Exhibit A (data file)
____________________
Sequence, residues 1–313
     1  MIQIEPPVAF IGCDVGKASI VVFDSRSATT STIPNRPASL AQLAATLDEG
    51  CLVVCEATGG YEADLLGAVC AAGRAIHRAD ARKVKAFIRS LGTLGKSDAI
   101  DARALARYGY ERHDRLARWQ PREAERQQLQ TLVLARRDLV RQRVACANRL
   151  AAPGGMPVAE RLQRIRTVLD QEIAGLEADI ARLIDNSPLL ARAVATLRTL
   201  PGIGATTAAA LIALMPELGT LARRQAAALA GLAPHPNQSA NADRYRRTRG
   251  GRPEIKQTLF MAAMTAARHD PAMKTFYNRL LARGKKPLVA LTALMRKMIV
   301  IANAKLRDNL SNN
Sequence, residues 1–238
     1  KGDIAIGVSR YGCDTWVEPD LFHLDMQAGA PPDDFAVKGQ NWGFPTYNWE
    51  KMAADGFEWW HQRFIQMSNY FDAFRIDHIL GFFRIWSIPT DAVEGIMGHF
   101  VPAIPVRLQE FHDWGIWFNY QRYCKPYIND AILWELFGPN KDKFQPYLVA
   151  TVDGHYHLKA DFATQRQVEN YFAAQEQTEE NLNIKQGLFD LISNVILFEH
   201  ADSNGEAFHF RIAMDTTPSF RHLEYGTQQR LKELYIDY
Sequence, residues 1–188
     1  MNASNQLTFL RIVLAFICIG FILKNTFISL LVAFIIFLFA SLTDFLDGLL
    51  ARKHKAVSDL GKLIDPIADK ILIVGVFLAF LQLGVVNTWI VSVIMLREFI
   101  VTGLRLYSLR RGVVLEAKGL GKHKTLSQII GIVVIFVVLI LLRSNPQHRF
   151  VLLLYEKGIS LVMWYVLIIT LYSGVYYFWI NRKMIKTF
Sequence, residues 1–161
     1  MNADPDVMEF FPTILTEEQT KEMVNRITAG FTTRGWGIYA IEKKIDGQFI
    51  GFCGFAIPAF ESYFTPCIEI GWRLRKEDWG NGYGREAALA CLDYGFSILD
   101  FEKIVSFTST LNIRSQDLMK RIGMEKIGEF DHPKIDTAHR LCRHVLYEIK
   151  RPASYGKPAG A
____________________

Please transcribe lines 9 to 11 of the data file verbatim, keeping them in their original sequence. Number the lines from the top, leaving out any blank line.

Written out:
Sequence, residues 1–238
     1  KGDIAIGVSR YGCDTWVEPD LFHLDMQAGA PPDDFAVKGQ NWGFPTYNWE
    51  KMAADGFEWW HQRFIQMSNY FDAFRIDHIL GFFRIWSIPT DAVEGIMGHF